You can add cheese to the polenta in the pan to make it taste more decadent, I like to add a chopped clove of garlic to a single spoon of olive oil and let it go golden before adding the boiling water, salt and polenta for a rich taste.
To make these into an even more nutritious snack for my toddler (who adores these polenta chips) I add a couple of tablespoons of okara to the corn polenta. Okara is what you get left with when making tofu and soy milk. It's very good for you.
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Old Aug 4, 12, 6:37 am   #49
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Funilly enough .... as the thread starter all that time ago ... I cannot emphasise how underated this Philips Airfryer is both by users and the manufacturer.

Having really perfected deep fat fried chips (french fries .....) ... after bags of research and experiements, I use to use an industrial Lincat professional double fryer to really get perfect chips and now the Airfryer makes far superior fries than possible with the deep fat route. Altthough with my method they aren't particularly healthy. In fact they are either chips or roast potaots or sort of rosti depending on the shape I use.

My approach is to use small maris piper potatos cut them length ways then width ways to make small quarters. This shape aids shaking. I boil them for a few minutes then let them evaoprate and cool. I drench them in virgin olive oil (taday I'm using chilli oil) and then they airfry at around 180 for around half an hour. I shake them bake into a bowl tand add more oil if dryp and cook until they are crisp outside and dry and fluffy inside but better than the if you were using the Heston torture method ..... and they taste of olive oil rather than sunflower.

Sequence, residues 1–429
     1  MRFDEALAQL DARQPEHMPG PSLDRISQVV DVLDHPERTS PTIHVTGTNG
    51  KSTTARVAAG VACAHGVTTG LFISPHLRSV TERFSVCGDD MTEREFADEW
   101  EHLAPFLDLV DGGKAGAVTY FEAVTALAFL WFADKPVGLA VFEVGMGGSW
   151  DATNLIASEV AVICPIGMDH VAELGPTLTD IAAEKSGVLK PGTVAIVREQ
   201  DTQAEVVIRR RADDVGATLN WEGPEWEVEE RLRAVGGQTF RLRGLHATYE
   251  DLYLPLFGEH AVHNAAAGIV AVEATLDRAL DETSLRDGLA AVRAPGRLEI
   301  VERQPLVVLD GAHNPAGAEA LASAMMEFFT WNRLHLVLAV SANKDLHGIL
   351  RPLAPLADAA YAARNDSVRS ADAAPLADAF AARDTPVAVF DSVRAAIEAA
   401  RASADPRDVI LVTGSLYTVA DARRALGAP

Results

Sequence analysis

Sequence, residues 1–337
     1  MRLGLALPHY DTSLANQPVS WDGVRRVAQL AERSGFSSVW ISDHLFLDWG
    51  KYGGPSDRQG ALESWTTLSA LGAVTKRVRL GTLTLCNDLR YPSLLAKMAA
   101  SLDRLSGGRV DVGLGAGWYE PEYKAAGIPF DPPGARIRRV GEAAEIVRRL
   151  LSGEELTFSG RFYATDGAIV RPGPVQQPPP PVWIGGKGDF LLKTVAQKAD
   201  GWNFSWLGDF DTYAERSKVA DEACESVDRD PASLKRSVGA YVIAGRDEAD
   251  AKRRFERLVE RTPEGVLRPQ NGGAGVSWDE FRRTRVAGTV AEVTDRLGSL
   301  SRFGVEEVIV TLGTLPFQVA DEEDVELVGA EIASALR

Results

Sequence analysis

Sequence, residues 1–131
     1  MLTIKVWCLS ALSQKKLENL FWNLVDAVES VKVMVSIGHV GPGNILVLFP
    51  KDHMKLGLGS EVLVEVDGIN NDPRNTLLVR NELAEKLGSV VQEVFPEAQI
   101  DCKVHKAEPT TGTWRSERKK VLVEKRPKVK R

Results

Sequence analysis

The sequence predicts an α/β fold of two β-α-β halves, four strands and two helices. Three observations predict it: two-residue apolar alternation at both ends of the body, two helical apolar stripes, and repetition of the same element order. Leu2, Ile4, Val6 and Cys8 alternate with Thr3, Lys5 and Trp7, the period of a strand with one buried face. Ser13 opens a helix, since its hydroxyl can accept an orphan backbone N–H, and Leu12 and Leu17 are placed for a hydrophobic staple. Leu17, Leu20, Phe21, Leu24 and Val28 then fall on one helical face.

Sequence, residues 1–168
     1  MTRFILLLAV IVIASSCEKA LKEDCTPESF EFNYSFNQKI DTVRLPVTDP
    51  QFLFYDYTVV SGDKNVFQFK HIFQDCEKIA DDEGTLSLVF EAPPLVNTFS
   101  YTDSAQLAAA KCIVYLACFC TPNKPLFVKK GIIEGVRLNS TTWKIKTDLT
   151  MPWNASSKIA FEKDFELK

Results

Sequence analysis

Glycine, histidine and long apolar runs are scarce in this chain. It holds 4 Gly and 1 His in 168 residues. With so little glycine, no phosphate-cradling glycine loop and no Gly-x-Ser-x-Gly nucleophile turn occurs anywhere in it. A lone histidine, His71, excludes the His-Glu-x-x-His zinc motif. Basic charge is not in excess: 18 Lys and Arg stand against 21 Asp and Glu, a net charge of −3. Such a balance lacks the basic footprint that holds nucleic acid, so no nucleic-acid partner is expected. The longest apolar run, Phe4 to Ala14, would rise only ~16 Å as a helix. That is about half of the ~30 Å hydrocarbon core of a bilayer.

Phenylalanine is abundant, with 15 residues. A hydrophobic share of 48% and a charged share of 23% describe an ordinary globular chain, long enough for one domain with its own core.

The Philips means that once cooked you hold them on low heat until your rib-eye steak has reached 110 degrees for it's little rest. This means that both fries and steak are always perfect.

I genuinely have not tasted fries as good as those from my Philips anywhere I have ever eaten. Dry, caramelside ouside, fluffy inside with olive oil flavour, and you cannot deep fry with olive oil.

And then theres shock-warming croissants ... bagels .... and cooking sausages from scratch etc. I use it every day ... and have two side by side as they are both used so much. I use it for so many things it was never intended for.

One of my favourite kitchen tools. Sorryabout the typos bu the steaks are on the lava .....

Last edited by uk1; Aug 4, 12 at 6:45 am..
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Old Aug 5, 12, 8:57 pm   #50
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Originally Posted by uk1 View Post
you cannot deep fry with olive oil.
Why not uk1?

We only use Olive Oil to deep fry the likes of chips and doughnuts...no problems. It is expensive but the wife won't allow any other oil to be used.